It’s time to put on your best golfing attire and see if you have what it takes to ace this ultimate rules of golf quiz!
Now before we get going, raise your hand if you have trouble waking up for work in the morning. Press the snooze button too many times? Don’t care if you walk in late? But now let’s say you have a tee time for Sunday morning at 6 a.m. Bet you’d have no trouble waking up then! And you’ll be right on time to boot!
You see, there’s something different about waking up early when it involves heading out to the course. Bright and early on a summer’s day, there’s a cool breeze and the crisp smell of morning dew. Your buddies meet you, and away you go, driving out to the first hole. As the morning goes on, you spot other golfers, giving them a polite head tilt or quick wave as you pass from hole to hole, stopping politely if they are about to swing. It’s just part of the etiquette! You appreciate the sport, you respect the rules and before you know it, you’re on the back nine - hoping the wind and the bunkers treat you a little better than they did on the front!
So as you begin this quiz, we wish you golfer’s luck: "May your drives be straight and down the fairway. May you avoid the rough. And when your balls fly over water, may they land only in soft, green stuff”! It's tee time, here we go!
"Fore!" was originally an Australian interjection that was used as early as 1881. It is thought to come from the word before, as in "look ahead".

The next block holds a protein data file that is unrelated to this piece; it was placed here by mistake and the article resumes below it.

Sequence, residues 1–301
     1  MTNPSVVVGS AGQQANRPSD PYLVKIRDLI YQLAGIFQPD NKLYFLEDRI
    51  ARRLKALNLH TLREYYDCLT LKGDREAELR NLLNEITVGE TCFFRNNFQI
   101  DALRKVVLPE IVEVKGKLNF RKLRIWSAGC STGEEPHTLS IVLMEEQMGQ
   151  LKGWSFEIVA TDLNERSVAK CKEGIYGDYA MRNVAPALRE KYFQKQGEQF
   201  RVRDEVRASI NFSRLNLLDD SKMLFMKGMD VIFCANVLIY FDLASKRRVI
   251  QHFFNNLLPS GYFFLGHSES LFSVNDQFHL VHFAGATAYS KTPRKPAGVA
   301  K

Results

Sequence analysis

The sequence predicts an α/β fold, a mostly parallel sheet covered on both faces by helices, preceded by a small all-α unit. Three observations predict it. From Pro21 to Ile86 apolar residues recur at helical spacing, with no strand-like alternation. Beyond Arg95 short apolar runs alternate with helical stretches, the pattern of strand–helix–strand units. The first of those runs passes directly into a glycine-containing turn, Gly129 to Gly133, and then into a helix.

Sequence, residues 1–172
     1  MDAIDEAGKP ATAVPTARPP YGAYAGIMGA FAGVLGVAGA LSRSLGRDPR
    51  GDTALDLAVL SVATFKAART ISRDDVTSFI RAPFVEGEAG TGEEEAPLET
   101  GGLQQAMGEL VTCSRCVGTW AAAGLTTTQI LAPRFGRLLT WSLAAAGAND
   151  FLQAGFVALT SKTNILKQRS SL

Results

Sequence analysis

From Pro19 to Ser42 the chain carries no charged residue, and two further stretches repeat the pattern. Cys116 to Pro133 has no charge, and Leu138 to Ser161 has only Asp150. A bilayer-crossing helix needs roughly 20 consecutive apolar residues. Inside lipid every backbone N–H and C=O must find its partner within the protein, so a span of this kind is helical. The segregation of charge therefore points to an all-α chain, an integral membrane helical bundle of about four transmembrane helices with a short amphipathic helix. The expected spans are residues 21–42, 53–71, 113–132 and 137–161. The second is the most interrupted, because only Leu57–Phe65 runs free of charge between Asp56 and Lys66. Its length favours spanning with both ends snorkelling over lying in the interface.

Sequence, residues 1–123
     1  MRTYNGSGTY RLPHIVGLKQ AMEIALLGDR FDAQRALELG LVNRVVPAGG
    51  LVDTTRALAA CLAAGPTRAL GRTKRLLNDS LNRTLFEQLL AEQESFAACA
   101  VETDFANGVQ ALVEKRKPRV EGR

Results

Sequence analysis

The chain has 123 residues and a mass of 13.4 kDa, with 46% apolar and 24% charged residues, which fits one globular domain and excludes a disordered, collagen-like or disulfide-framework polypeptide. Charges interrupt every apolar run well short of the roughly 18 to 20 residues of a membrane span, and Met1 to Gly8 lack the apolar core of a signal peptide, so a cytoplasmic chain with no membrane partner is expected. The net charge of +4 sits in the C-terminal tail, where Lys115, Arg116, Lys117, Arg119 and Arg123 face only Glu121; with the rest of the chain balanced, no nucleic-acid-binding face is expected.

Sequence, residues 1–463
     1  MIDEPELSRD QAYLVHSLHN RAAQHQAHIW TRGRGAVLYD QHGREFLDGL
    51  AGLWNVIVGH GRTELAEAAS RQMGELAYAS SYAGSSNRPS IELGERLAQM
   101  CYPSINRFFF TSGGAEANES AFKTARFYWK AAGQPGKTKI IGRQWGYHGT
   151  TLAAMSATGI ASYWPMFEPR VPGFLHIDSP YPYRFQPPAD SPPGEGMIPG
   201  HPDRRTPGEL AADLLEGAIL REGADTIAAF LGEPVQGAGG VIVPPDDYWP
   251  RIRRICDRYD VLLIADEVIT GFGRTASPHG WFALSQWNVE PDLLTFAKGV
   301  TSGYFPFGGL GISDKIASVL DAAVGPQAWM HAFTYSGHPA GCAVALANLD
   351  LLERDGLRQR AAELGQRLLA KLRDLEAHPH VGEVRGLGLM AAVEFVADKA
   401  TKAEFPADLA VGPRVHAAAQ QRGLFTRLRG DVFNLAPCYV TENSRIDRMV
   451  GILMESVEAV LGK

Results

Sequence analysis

Match play is when players compete for the lowest score on each hole. Stroke play is the fewest number of strokes during the entire round.
Players may authorize another player or caddie to attend, remove, or hold up the flagstick before making a stroke. If they move it without authorization, they will be penalized.
The terms tee, tee box, and "teeing ground" are synonymous. The name derives from the tee used to elevate a golf ball before striking it to commence play.
When a ball is unplayable, the player has several options, they can: 1. Go back to where they played the last shot and play a ball from there; or 2. Measure two club-lengths from the unplayable lie, drop a ball and play from there; or 3. Keep the unplayable lie between where they drop the ball and the hole, go back as far as they wish on a straight line and drop and play the ball.
...And if that ball is lost, the player must add a penalty stroke to his or her score and play another ball from where they last placed their shot. But please, just don't lose your ball!
A loose impediment is defined as a natural object that is not fixed or growing, not solidly embedded, and not adhering to the ball itself. Examples of loose impediments include leaves, twigs, acorns, small stones and insects.
To "hole out" is to get your ball into the cup, thereby completing your play of the hole. The past-tense is "holed out." Matt holed out with a putt of 15 feet!
All golfers should be prepared on the course with ball markers, repair tools, divot tool and hat clips. Ball markers come in all varieties of sizes, colors and may even display the golfer's favorite sports team or an advertisement from a charity tournament!
Lightning is the number one cause of players to stop playing. Until it passes, it is considered dangerous and not safe to play. Play can resume once the storm has passed.
Did you know if your caddie is attending to the flagstick and fails to remove it causing the ball to strike it, the player incurs a penalty?! Better make sure they are 'on the ball'!
Unless players mark their ball before starting the game, it is possible they could mistake theirs for another player's! If you play the wrong ball, you risk stroke penalties so "keep your eye on" your ball.
The rest of the rule states that you must re-drop if dropped ball hits the ground and rolls into a hazard, out of a hazard, more than two club-lengths, or closer to the hole than the rules permit.